The emergence of a new Covid-19 variant -- Omicron -- has caused quite a stir globally just as many nations are on the recovery track from the Delta variant. Scientists worry that the latest strain first detected in South Africa has as many as 50 mutations, 32 of them on the spike protein which theoretically makes it much more transmissible than the Delta variant.
South Africa made an announcement about the new variant on Nov 24 after noticing that Covid cases jumped from 550 a day to almost 4,000. In less than a week, Omicron started showing up around the world from England to Hong Kong and from Denmark to Australia. It travels even faster than the news.
Questions of concern are not just limited to the transmissibility of the virus, but rather the severity of the disease and the effectiveness of existing vaccines. There is no definitive answer to such questions yet as health scientists need time to conduct studies and the current sample size is too small to be conclusive.
Amid all the uncertainty, global oil prices tumbled over 10% after the news broke and stock markets tanked around the world. Of course, many people want to know what impact the new variant will have on the world and national economies, which were previously projected to see a full recovery next year.
I will try to answer some of these economic concerns, but first I have erred on the side of caution by making a few assumptions about what impact the new variant will have on health policy.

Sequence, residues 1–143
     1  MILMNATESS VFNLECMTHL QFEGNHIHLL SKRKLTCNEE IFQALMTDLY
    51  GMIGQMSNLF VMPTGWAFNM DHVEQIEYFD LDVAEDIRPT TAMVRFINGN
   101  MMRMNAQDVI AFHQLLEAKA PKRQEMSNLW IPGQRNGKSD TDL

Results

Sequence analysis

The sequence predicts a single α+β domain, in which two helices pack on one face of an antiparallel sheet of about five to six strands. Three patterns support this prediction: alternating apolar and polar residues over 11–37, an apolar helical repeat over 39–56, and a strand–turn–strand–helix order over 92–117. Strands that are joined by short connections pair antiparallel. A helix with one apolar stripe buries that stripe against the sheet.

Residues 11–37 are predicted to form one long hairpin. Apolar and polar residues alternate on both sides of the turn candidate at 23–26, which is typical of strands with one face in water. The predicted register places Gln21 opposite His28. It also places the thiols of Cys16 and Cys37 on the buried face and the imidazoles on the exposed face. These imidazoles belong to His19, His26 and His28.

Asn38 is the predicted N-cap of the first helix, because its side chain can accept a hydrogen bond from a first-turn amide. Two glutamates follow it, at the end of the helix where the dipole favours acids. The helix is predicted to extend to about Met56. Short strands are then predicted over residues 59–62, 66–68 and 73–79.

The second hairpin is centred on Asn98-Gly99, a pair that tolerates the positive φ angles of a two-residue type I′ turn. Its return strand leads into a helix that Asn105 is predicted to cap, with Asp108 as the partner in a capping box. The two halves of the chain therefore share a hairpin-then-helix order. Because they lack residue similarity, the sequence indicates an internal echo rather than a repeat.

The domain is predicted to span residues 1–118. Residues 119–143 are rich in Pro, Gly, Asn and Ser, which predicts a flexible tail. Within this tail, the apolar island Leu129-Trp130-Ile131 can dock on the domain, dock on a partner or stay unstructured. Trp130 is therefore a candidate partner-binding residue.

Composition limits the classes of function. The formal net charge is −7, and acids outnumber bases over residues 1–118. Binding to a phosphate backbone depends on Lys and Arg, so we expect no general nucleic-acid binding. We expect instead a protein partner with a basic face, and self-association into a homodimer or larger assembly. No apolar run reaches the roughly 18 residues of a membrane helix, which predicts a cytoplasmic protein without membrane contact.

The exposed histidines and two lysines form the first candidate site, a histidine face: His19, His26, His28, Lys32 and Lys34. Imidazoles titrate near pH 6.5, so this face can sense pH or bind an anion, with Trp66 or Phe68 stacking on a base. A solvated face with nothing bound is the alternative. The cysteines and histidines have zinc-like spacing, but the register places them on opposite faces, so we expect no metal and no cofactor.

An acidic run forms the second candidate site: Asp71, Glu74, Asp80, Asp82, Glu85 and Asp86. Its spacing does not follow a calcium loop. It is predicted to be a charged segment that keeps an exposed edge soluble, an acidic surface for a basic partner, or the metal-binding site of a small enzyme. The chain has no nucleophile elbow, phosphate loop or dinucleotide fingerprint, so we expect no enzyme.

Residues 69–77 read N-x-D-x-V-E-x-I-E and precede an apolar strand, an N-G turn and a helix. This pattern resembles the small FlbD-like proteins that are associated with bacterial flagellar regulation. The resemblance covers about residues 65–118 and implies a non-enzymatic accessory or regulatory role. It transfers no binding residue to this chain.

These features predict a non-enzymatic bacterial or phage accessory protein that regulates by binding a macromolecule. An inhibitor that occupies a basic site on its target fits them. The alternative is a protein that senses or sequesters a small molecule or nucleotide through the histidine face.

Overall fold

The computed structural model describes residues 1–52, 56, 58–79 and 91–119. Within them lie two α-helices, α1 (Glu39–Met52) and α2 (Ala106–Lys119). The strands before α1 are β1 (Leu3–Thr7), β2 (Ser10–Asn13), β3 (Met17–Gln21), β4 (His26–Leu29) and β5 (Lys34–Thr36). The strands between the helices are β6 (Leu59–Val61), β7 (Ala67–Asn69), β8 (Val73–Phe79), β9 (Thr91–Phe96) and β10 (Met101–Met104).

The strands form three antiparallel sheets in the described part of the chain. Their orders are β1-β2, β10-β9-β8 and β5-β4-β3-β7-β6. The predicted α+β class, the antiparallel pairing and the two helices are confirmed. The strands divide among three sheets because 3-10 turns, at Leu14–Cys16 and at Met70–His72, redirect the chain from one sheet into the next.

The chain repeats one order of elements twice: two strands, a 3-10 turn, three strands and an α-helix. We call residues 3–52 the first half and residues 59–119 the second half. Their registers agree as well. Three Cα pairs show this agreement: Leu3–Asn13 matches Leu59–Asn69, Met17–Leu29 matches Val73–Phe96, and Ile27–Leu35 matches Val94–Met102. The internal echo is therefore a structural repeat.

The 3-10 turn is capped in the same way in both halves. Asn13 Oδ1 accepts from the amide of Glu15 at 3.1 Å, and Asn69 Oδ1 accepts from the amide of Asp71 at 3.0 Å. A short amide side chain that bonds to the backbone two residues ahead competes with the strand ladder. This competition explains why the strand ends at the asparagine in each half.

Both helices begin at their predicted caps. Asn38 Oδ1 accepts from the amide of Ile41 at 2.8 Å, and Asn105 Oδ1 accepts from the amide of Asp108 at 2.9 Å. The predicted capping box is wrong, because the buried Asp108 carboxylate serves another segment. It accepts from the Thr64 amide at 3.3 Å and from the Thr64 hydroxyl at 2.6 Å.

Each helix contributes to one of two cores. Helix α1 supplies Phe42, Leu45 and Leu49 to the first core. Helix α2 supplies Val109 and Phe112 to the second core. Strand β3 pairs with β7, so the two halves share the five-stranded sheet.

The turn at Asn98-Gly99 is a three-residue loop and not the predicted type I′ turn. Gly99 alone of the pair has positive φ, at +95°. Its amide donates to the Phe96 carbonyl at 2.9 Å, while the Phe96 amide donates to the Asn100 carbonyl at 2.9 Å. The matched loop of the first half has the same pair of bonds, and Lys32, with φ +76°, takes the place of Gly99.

If Omicron, despite the apparent ease with which it is transmitted, does not result in more lockdowns of countries and cities, the global and indeed most national economies will continue on their recovery paths as expected. Lockdowns are unlikely to occur unless Omicron wreaks more damage than earlier variants. Healthcare systems will just have to deal with larger volume of patients. Countries will choose to strengthen their healthcare systems and tighten social-distancing measures rather than lock down their economies, a policy that has proven disastrous for the livelihoods of many citizens.
On top of this, existing vaccines must be proven to be effective against Omicron in terms of reducing severe disease and death. If not, the whole world will need a new kind of vaccine and the process of getting jabbed will all have to start over again. What will happen during the re-vaccination period? Lockdowns, probably, because older vaccines would no longer provide protection against this new variant.
However, certain industries could still be severely affected, especially international travel as fewer people would risk getting sick in foreign lands.
Many manufacturers have already sent out reassurances that their vaccines could still be effective against Omicron. Some are working on newer generations of their vaccines that are specially formulated to fight Omicron, and these could come out as soon as early next year. I give full benefit of the doubt to the claim that such new and effective vaccines can be formulated, but I'm deeply concerned about how long it will take to get people revaccinated.
The United States took about six months to vaccinate half of its population (with just one dose) while the United Kingdom was able to cover 70% of its people in the same period. If there is a need for revaccination, major economies will require three to six months to get the job done. It will take longer if two jabs are required. During this period, countries would have no choice but to close their borders and lock down their economies. If not, Omicron infections would spread faster than a wildfire on a windy day, quickly overwhelming their healthcare systems. Those haunting images of people waiting to die in hospital corridors would come flooding back.